4. Nullification. Next, I have to congratulate the JBS for its superb turn of a phrase! The tactic is called “assume the sale,” when it wrote: “Is there not in nullification — a constitutional weapon that most in the Article V camp want to confiscate from the states . . . “ The author apparently forgot to cite the relevant clause in the Constitution. I’m not aware of it. If it exists, I trust I’ll be corrected. The JBS is obsessed with nullification of unconstitutional statutes by the states. Unfortunately, actual nullification isn’t used as the JBS predicts. Instead of resisting unconstitutional laws, many sanctuary cities and perhaps states (California) are busy resisting constitutional immigration laws and considering secession.

JBS: “Is this not, then, a way to make the work of the Founders workable?“ No, nullification is the fast path to disunion. The supremacy clause exists to correct the first defect of the Articles of Confederation, the absence of coercive means to enforce congressional resolutions. Nullification would render our governing form little different from the AC, in which congress passed resolutions which the states gaffed off at their pleasure.

5. Virginia Resolution. The JBS quoted Madison from the Virginia Resolution of 1799:

In case of a deliberate, palpable, and dangerous exercise of other powers, not granted by the said compact, the states who are parties thereto, have the right, and are in duty bound, to interpose for arresting the progress of the evil, and for maintaining within their respective limits, the authorities, rights and liberties appertaining to them.

I bolded “interpose.” As opposed to what the JBS implies, interposition differs from nullification. Madison was a precise wordsmith. Interposition is a gradual intensification of Constitutional means to reverse unconstitutional laws:

  • Seek congressional repeal of the offending law.
  • Introduce a constitutional amendment through congress.
  • Make applications to an Article V state amendments convention.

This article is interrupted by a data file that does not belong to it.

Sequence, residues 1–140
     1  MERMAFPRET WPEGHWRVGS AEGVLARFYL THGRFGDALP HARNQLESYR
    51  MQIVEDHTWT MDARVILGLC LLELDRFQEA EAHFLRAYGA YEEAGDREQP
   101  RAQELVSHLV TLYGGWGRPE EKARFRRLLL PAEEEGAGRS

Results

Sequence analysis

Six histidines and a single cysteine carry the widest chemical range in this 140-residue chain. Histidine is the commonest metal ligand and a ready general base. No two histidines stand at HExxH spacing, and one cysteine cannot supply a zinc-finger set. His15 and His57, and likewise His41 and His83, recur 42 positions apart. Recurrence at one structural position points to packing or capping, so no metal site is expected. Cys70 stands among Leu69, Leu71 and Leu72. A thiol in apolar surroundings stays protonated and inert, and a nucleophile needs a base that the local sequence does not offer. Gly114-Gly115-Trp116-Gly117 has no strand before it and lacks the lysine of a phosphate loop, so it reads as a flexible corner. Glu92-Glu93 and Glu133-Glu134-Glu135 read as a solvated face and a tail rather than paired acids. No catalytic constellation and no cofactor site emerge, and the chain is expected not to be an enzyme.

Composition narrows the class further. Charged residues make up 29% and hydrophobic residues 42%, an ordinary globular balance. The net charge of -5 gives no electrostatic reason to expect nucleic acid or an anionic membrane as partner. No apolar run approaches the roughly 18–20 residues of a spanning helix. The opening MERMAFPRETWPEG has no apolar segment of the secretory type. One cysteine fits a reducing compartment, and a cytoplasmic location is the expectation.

Why would Madison advise resort to Article V, if, as JBS maintains, he opposed it?

In a separate blog post here, I noted that, when taken together, a few of Mark Levin’s Liberty amendments would strike a happy median between single-state nullification and the ponderous Article V state convention process.

As I wrote:

(Levin would) empower three fifths of state legislatures to repeal national laws, regulations, and supreme court decisions; (they strike) the balance sought by Article V supporters and opponents. Being neither objectionable nor ponderous, it would empower our state legislators, on behalf of the people, to stand athwart tyranny. Knowing this, a reinvigorated people will be naturally encouraged to closely watch and participate in statewide matters and elections. In quick time, the nation will witness improvement in the quality of state legislators, and just maybe save the republic.

Conclusion. I have to wonder if JBS opposes additional clauses in our governing document beyond an Article V COS. If it opposes the Natural Law right of the sovereign people to frame their government, how can the JBS support the corollary right to elect representatives? As I wrote in a post last spring:

Near the core of John Birch Society opposition to an Article V Convention of the States is mistrust of the American people. Dig further and one cannot avoid the conclusion that JBS opposes the essence of republicanism, the right of all peoples to determine the structure and boundaries of their government. While JBS has no apparent problem with the exercise of the people’s electoral capacity at polling places every two years, they curiously stand athwart the exercise of the people’s sovereign capacity via their states to frame their government.

A favorite tactic of COS opponents is to equate the general convention of 1787 with a future amendments convention. In actuality, continued JBS opposition to an amendments convention, in which discreet problems and shortcomings in our governing form are addressed, serves to eventually guarantee what everyone opposes, a general convention necessary to deal with outrages too numerous to be handled at an amendments convention.

Since the state amendments convention portion of Article V is as much a part of the Constitution as any other clause, it has always struck me as odd why Article V opponents attack the foundations of the Constitution they purport to defend.

  1. McLaughlin, A. C. (1905). The Confederation and the Constitution. New York: Harper and Brothers Publishers. pg. 311.